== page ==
Daily US Times: After receiving an email from a young black woman, the American dictionary Merriam-Webster is to change its definition of the word racism.
Kennedy Mitchum, a recent graduate of Drake University in Iowa, sent a mail to the authorities suggesting that the definition should include a reference to systemic oppression.
An editor of the dictionary then responded, later agreeing to update their definition.
The decision comes amid international anti-racism protests after the death of George Floyd – an African American- in Minneapolis under police custody.
Mr Floyd died after a white police officer Derek Chauvin held a knee on his neck for nearly nine minutes.
Ms Mitchum had encountered people pointing to the dictionary to prove that they were not racist because of the way they felt towards people of colour, and felt the definition needed to reflect broader issues of racial inequality in society.
She said she first became aware of the shortcomings of the current definition around four years ago.
“I was just speaking on my social media about racism and just about how the things I was experiencing in my own school and my own college,” she said in an interview with the BBC.
“There were a lot of things that were racist but it wasn’t as blatant,” she said.
Ms Mitchum says the definition of the dictionary was being used by people attempting to tell her she was wrong.
Merriam-Webster’s current definition of racism
1. a belief that race is the primary determinant of human traits and capacities and that racial differences produce an inherent superiority of a particular race
2. a) a doctrine or political program based on the assumption of racism and designed to execute its principles, b) a political or social system founded on racism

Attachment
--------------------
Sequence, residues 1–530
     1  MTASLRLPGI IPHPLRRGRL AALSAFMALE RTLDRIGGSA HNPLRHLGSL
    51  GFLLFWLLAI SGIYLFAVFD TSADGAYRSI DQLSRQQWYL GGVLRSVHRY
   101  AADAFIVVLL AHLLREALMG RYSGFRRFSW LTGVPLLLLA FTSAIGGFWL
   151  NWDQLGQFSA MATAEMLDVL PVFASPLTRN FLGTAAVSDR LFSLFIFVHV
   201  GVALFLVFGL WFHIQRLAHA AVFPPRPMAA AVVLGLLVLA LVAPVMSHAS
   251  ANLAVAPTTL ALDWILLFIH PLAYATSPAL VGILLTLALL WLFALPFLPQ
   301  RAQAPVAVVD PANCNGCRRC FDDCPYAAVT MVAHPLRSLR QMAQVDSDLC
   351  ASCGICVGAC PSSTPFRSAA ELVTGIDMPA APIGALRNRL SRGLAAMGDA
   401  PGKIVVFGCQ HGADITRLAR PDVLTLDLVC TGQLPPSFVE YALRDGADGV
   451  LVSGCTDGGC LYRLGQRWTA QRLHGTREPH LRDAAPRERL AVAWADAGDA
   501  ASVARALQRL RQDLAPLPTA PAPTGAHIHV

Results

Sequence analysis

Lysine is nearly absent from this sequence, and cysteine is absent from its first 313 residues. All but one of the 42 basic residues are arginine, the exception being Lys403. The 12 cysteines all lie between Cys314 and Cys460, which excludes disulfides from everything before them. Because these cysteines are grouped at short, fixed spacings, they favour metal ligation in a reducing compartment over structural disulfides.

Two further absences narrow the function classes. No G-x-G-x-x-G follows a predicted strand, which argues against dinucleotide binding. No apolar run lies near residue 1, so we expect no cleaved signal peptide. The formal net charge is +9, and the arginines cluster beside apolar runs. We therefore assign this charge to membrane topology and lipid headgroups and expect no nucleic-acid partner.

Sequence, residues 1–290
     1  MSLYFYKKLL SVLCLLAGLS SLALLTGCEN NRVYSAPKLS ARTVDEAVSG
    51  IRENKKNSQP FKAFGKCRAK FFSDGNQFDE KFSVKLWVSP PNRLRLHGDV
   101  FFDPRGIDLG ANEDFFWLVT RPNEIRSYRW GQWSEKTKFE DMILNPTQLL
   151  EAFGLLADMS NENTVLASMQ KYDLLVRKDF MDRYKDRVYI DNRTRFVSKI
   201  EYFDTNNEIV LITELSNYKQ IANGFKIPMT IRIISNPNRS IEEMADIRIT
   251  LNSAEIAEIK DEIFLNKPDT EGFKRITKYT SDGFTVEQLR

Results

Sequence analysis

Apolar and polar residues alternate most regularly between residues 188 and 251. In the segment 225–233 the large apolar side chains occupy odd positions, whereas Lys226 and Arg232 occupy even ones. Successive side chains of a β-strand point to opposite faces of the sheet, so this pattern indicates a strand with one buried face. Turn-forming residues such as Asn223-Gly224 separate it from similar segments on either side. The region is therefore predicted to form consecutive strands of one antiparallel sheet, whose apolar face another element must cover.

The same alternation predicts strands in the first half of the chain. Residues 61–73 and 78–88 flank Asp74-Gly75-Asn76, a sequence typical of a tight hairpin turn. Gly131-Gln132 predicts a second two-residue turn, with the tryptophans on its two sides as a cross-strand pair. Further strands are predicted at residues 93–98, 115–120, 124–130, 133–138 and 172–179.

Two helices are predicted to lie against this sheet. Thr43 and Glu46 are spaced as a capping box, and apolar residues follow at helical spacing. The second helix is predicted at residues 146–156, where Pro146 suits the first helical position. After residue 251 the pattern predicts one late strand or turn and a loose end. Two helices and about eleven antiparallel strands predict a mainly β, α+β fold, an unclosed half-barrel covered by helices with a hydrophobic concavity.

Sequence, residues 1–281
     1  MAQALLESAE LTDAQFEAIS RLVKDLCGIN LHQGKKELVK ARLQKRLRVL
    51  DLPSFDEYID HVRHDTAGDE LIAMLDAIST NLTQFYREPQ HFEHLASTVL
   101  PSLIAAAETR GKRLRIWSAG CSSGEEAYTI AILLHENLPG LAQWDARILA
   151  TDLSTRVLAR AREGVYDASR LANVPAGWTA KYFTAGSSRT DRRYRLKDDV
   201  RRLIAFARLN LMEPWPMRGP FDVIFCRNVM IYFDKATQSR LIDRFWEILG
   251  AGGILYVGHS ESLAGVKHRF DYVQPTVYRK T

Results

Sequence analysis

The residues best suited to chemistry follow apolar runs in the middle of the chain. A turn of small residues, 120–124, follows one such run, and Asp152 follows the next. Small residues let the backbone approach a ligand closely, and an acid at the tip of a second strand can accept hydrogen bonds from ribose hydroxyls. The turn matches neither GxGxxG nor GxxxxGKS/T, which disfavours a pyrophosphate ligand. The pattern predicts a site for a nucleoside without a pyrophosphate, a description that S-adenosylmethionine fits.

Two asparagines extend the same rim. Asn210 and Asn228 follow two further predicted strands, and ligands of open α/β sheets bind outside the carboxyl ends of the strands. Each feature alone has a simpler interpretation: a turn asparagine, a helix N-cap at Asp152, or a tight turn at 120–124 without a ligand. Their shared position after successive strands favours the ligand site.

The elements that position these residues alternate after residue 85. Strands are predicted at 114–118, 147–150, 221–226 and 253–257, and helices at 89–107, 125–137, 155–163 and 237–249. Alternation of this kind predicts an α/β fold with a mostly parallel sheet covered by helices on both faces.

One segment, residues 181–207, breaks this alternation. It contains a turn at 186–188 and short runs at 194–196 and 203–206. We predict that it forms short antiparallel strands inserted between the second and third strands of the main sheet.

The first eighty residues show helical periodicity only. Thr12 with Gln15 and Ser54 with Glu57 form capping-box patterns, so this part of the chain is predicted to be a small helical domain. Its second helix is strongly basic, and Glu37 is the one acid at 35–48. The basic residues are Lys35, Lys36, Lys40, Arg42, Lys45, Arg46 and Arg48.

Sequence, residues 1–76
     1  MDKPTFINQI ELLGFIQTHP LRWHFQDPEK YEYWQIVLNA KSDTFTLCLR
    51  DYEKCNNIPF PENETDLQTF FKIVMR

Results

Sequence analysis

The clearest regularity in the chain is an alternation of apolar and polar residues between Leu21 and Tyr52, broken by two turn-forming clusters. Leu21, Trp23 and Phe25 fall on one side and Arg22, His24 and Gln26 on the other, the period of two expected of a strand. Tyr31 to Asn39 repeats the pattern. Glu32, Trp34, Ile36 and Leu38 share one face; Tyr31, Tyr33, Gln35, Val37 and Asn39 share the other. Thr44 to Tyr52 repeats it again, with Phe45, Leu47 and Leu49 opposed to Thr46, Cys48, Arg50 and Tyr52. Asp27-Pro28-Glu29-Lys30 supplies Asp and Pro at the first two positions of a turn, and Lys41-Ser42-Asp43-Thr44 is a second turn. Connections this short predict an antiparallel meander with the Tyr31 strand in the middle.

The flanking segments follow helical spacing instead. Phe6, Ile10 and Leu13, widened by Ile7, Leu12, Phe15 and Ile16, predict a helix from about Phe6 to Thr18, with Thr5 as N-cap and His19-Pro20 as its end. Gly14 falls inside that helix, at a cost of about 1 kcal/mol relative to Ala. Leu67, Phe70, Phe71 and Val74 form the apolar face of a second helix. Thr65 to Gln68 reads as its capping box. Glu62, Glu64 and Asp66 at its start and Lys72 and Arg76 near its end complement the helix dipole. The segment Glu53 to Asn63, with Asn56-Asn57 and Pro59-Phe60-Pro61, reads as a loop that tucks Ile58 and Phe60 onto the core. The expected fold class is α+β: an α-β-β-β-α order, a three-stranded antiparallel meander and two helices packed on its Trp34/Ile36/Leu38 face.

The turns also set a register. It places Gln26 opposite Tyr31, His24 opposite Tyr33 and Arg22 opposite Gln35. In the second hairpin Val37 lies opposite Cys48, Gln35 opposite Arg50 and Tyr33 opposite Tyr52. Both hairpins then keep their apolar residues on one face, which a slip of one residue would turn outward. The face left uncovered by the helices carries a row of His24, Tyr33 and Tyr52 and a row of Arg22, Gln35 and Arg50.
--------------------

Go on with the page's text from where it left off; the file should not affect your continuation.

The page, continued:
3. racial prejudice or discrimination
“Some troll was messaging me trying to say ‘You don’t understand what racism truly is.”
People were copy-and-pasting the definition to her in an attempt to prove racism could only exist if you believe your race to be superior to another.
“They were saying: ‘You’re in school [university], so what do you mean? You have privileges as well’. I said it’s not about that, it’s about the hurdles that I had to jump over because of the colour of my skin and the systems that are in place.”
Ms Mitchum emailed Merriam-Webster on 28 May to point out that racism is “both prejudice combined with social and institutional power. It is a system of advantage based on skin colour”.
She received the surprising reply the next day in that Merriam-Webster said the “issue needed to be addressed sooner rather than later” and that a revision would be made.
Peter Sokolowski, Merriam-Webster’s editorial manager, told the BBC that the wording of the second definition of racism will be “even more clear in our next release”.
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